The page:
To set us on the right track, we adopted English as our corporate language and our headquarters in Ludwigshafen, Germany, became a headquarters in name only. Our senior corporate officers, each with corporate and operating unit responsibilities, were stationed around the globe. As further evidence of our commitment to decentralization, we ceded a tremendous amount of responsibility and authority to local managers. We firmly believe that "all business is local," and local managers are best qualified to make decisions in their local markets.

We have by design and necessity become more open-minded and flexible in our approach to business across geographic lines. Today, we operate some 70 companies in 20 countries. Although we are still 100% German-owned, non-Germans account for about 80% of Benckiser's upper management.

In becoming more international, we gained critical insight into the fashion of building European and global brands. In the 1980s, many large companies and respected marketing gurus were predicting that consumer behavior would become increasingly similar worldwide and eventually lead to domination by global giants such as Marlboro, Coca-Cola, and McDonald's. Accordingly, many companies began to rethink their focus on national markets and move toward global branding.

At Benckiser, we, too, were impressed by the "globalization" theories and decided to test them against our own experience and research. We found, to our surprise, that our customers' tastes were not converging but were, in fact, clearly differentiated by country. Our strategy has been, therefore, to "stay local" on all levels, including branding, marketing, production, sales, and administration.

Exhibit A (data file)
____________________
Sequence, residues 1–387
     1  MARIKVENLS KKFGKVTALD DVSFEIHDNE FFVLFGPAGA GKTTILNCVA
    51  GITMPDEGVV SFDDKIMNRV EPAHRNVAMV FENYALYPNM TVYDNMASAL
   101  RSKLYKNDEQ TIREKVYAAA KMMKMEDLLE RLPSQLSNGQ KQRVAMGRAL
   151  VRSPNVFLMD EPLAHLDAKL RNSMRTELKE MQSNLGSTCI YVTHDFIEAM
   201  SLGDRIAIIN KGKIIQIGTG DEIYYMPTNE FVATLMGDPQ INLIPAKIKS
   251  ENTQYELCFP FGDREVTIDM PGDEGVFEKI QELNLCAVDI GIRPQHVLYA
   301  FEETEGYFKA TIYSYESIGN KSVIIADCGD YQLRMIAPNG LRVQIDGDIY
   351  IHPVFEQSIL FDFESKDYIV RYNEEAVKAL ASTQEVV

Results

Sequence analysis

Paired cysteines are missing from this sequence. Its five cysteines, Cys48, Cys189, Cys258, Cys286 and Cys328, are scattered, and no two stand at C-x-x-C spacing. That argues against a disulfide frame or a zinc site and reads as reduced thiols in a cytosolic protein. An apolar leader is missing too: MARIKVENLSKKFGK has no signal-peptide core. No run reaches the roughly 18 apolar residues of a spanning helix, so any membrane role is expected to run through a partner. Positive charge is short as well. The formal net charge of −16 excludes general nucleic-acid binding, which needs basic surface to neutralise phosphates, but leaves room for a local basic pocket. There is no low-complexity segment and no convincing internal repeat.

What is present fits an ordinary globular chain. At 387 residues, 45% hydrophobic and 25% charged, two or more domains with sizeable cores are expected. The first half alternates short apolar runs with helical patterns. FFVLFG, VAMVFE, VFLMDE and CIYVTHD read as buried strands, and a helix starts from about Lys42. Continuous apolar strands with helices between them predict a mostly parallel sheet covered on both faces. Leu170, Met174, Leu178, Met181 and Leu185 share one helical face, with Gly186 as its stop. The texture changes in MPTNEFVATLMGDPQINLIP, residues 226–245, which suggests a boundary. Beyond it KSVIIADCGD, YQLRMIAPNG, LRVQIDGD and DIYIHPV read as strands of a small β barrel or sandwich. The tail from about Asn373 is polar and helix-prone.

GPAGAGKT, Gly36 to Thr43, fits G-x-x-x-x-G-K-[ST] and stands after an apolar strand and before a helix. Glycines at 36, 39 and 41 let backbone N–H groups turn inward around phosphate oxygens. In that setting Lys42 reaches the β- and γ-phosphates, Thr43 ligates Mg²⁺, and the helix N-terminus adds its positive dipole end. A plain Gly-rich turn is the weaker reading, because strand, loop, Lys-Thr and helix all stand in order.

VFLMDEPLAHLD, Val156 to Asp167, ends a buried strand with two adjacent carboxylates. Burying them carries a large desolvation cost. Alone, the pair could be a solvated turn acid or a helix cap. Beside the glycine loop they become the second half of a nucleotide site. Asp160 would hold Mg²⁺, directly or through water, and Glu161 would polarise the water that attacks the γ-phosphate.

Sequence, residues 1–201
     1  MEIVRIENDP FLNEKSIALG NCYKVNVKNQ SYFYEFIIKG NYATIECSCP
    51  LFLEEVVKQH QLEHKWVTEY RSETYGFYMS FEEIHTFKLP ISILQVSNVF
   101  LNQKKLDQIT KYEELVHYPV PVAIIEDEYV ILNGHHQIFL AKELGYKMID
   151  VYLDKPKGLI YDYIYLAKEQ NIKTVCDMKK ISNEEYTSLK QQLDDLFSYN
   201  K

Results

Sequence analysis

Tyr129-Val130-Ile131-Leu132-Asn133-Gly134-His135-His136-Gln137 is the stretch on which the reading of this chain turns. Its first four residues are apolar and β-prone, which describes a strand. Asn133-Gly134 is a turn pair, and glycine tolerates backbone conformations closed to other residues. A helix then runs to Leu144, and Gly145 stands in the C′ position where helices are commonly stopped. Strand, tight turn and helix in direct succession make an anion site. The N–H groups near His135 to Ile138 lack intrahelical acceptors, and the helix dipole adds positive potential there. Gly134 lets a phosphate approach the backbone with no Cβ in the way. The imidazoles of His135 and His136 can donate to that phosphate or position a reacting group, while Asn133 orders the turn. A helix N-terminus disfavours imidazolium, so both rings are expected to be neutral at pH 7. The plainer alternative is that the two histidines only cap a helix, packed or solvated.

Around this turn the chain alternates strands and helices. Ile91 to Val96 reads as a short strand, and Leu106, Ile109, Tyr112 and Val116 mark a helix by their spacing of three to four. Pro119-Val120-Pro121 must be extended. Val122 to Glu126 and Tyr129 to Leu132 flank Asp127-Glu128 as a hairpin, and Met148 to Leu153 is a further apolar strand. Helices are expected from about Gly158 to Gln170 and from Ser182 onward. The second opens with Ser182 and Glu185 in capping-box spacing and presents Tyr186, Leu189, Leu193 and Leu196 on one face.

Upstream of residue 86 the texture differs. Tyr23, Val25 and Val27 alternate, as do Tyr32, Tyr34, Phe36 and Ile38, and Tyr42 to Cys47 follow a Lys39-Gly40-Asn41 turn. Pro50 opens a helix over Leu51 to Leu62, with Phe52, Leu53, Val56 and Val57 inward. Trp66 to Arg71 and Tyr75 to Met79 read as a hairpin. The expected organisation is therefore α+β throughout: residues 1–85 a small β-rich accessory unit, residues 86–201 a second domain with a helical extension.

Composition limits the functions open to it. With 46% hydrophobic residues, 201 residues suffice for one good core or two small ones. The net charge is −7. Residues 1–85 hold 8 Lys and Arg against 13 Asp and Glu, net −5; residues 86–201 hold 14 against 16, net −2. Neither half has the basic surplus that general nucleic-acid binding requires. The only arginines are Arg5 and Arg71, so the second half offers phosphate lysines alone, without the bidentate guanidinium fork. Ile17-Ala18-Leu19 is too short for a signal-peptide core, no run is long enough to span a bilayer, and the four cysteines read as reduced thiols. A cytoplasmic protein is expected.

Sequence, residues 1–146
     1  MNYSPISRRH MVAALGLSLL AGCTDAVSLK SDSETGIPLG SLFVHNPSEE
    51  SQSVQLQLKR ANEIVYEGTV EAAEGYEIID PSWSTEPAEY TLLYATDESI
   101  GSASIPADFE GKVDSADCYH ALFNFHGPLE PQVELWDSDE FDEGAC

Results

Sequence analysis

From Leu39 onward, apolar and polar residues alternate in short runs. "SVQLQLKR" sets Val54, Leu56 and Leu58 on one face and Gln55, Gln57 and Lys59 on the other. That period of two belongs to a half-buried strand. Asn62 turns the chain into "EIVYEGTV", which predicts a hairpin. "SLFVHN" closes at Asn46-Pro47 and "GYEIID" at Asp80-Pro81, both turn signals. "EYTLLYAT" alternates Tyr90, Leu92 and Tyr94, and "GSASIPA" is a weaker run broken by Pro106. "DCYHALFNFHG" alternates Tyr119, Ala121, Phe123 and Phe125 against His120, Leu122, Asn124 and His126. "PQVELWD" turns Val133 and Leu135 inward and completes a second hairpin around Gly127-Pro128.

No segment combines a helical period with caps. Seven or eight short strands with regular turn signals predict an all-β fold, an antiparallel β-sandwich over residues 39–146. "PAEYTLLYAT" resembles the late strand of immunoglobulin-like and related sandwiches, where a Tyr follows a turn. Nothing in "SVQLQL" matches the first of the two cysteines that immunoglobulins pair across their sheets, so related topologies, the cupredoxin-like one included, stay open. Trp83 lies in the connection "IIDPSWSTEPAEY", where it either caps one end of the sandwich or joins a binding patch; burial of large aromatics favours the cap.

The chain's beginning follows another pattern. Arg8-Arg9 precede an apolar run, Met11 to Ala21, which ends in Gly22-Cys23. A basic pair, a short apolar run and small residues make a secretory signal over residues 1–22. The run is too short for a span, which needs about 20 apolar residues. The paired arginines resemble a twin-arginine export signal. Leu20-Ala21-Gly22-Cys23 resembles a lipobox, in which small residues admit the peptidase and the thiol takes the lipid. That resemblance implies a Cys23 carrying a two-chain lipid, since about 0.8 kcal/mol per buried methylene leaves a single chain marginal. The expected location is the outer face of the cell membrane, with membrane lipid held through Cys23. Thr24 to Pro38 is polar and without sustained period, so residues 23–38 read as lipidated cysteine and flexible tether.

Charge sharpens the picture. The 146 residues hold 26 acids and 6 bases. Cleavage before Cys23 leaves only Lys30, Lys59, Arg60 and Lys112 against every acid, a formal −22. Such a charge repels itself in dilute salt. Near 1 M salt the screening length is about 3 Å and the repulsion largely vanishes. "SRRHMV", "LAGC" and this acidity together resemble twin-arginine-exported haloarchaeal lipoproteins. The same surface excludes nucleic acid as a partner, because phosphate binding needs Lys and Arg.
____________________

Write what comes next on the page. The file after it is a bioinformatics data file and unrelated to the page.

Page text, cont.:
We applied the same approach to acquisitions by purchasing large national companies to gain attractive national market positions. We also branched out into the personal care, cosmetics, and fragrance industries, with the purchase in 1990 of the Astor/Lancaster Group, and Quintessence Holdings Inc. in 1991. So far, our approach has worked extremely well and we expect these businesses to be engines of growth for Benckiser well into the future.

Reshaped by a decade of persistence, flexibility, open-mindedness, and willingness to pursue opportunities anywhere in the world, Benckiser has experienced more growth in the past 10 years than in the previous 160, increasing annual sales from $300 million to nearly $2.5 billion. Predictably, our metamorphosis has not gone unnoticed by larger competitors, and we will have to rely more than ever on our adaptability to remain competitive.

Looking ahead to the year 2000, we see the familiar dynamics of competitive consolidation at work in our industries. Recent events, such as Procter & Gamble's purchase of Revlon's cosmetics units and Unilever's acquisition of Faberge and Elizabeth Arden, suggest that a company's growth will be achieved increasingly at a competitor's expense and by seeking opportunities in related markets. As we approach a new century, it is clear that global corporate leaders cannot afford to ignore such compelling signals if they are to adapt to an ever-changing environment.

We predict, based on our own experiences, that success in meeting this challenge will depend more than ever on the ability of a company's leadership to create an organization that can deal effectively with strategic change amid the multicultural realities with which we live.
COPYRIGHT 1991 Directors and Boards
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Copyright 1991 Gale, Cengage Learning. All rights reserved.

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Title Annotation:Special Section: Being a Global Leader; views of Peter Harf, Chairman and CEO of Benckiser Group
Publication:Directors & Boards
Date:Sep 22, 1991
Words:1149